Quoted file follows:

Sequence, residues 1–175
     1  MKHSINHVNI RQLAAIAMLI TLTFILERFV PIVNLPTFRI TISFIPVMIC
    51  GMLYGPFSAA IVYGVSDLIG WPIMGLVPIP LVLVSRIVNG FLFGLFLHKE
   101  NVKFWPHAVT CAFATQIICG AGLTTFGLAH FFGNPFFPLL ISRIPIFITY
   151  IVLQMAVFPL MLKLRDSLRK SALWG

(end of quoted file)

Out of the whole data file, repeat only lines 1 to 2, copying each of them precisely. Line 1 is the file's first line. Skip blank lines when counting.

Sequence, residues 1–175
     1  MKHSINHVNI RQLAAIAMLI TLTFILERFV PIVNLPTFRI TISFIPVMIC